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Providing Your Employees a Clear Path to Follow

When making the journey toward a new destination — including along a career track — good directions are essential. However, managers often fail to give employees the map and “roadside assistance” they need to travel successfully from “Point A” to the desired “Point B” in the organization. The result: Workers decide to make their own path — out the exit door.

According to Robert Half’s Special Report: The Demand for Skilled Talent, specialized talent is already in short supply, which makes it even more critical to ensure your workers can clearly see their potential to advance. Add to this the findings of a recent Robert Half survey, in which 54 percent of professionals polled felt knowing their potential career path is “very important” to their overall job satisfaction. Generation Y workers, in particular, need to be able to visualize a defined career path; research by Robert Half found that these professionals counted the desire for greater advancement opportunities among the top reasons they change jobs.

To give your staff the appropriate guidance and support to reach their professional goals — and define a realistic timeline for getting there — you need to first understand what they’re striving toward. Start the conversation by asking your employees, “How do you view your future career path at our firm?” Then, based on what they tell you, and what you already know about their professional strengths and weaknesses, you can:

•    Recommend learning and training opportunities. What knowledge and skills would the employee need in order to attain the role he’s working toward? Would he have to earn any certifications? Refine his communication abilities? Build his technology expertise? A bigger question: What can the firm do to help him earn this essential experience in a way that also benefits the business? For example, are there skills in short supply that the organization would welcome? Another idea is to ask the employee to share his knowledge with others at the firm when training is complete.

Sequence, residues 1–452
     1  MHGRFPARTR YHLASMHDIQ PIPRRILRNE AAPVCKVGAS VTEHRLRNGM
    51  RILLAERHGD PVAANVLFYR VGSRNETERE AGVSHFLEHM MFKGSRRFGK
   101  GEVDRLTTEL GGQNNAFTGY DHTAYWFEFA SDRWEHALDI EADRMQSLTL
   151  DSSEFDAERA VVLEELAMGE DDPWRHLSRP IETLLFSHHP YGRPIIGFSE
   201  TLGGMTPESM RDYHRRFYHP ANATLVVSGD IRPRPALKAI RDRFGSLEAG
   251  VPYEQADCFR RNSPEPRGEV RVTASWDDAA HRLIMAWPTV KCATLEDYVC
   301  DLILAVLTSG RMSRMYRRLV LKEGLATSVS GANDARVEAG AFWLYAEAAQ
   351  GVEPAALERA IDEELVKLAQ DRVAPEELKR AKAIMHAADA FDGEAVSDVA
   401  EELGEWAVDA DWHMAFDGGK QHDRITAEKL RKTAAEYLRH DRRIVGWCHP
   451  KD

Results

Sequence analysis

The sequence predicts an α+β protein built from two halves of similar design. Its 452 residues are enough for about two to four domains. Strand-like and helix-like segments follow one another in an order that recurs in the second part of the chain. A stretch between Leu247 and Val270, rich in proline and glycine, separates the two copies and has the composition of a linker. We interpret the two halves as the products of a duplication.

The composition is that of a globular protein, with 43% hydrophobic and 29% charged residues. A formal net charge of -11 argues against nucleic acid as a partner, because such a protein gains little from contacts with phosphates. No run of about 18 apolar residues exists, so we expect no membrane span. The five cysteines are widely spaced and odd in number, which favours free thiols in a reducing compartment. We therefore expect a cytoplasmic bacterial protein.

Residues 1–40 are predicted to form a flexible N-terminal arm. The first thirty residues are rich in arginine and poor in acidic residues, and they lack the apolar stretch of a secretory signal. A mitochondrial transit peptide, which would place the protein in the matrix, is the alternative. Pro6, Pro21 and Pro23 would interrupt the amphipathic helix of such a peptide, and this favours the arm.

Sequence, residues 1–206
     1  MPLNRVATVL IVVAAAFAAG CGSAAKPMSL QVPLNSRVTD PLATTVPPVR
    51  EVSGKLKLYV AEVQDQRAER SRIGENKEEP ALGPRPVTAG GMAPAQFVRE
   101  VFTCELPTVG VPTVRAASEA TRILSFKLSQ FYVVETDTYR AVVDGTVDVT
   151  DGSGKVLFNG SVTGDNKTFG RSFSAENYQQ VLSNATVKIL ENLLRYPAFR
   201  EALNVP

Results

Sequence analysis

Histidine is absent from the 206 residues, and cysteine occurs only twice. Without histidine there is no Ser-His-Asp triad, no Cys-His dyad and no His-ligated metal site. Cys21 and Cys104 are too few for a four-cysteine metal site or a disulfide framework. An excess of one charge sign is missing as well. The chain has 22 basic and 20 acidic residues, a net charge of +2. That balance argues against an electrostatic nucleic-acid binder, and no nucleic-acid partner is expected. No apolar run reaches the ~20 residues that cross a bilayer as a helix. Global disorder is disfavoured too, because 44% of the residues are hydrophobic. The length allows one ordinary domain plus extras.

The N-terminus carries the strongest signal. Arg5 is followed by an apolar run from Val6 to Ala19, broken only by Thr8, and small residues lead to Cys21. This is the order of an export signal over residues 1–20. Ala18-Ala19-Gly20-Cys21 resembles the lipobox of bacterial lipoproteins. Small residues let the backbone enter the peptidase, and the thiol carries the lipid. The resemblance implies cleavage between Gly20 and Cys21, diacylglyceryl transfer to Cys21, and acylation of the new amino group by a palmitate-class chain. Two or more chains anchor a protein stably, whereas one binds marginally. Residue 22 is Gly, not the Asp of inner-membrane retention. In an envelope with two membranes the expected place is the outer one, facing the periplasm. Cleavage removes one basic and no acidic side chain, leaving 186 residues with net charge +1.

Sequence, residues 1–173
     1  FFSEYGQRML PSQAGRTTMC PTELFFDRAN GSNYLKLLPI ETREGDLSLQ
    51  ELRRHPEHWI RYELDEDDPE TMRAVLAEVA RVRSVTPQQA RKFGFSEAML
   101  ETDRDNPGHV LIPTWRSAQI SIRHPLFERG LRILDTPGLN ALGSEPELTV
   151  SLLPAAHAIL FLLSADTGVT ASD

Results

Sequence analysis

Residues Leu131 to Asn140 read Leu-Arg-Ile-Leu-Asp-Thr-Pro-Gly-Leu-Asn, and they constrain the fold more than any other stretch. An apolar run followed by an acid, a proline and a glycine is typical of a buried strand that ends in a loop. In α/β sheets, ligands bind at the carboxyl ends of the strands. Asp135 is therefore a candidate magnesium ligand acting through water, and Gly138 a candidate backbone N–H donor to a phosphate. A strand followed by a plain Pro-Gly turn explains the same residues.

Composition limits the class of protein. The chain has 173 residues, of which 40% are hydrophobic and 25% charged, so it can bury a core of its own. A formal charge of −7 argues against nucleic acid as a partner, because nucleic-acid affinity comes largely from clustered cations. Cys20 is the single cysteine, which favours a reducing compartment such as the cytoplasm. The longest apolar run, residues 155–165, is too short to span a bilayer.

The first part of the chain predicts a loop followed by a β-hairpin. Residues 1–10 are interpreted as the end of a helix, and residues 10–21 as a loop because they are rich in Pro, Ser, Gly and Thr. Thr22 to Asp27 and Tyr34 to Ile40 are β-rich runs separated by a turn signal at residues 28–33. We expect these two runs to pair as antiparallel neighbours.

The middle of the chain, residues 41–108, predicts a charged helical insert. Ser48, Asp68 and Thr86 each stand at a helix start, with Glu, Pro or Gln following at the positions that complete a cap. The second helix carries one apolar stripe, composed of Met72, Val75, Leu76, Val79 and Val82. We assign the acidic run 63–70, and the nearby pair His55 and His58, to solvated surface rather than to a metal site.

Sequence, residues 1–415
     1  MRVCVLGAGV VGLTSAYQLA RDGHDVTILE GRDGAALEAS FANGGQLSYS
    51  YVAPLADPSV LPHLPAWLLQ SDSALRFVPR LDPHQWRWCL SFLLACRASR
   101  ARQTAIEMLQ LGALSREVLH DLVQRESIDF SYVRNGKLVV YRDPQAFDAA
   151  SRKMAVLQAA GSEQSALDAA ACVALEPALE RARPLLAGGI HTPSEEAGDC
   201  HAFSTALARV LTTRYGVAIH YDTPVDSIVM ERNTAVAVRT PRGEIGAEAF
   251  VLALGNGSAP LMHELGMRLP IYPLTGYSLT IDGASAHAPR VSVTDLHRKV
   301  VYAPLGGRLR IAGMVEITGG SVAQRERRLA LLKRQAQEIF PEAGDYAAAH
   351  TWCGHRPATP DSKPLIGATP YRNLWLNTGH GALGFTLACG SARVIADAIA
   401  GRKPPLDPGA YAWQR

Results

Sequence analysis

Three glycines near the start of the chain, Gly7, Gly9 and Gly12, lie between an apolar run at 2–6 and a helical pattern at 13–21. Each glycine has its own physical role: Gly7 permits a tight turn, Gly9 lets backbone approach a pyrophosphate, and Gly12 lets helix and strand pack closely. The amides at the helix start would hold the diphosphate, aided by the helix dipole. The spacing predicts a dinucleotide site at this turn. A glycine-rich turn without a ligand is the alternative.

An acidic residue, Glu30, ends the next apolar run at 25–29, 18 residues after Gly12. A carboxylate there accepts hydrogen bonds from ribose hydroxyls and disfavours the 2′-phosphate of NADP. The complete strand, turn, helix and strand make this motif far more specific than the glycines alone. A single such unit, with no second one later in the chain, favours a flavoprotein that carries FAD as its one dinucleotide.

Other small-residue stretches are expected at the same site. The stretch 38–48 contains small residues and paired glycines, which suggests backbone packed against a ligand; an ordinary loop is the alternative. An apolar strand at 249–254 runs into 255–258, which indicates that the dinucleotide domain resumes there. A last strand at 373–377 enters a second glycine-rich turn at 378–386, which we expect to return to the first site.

•    Encourage networking. Who are the company’s key players an employee should know if she wants a faster track “up the ladder” (or perhaps, just a quicker transition to a different type of role)? Help her connect with others inside and outside the department who can provide valuable career guidance and industry insight. Building these relationships is dependent on the employee’s motivation, of course, but you can still help to make important introductions that could shorten her journey to the next level.

•    Establish a mentoring arrangement. Building on the above idea, is there someone in the organization who would serve as an ideal mentor to your employee? A mentor not only can share practical knowledge, but also provide hands-on guidance and insight that will help the up-and-coming professional better understand the organizational politics he must navigate to achieve his professional goals.

As a manager, you can do only so much to help your employees realize their full potential at your firm. They are ultimately responsible for their careers. However, by showing them what steps they will need to take to reach important milestones along their desired path, you can enhance their chances of success and build loyalty in the process.


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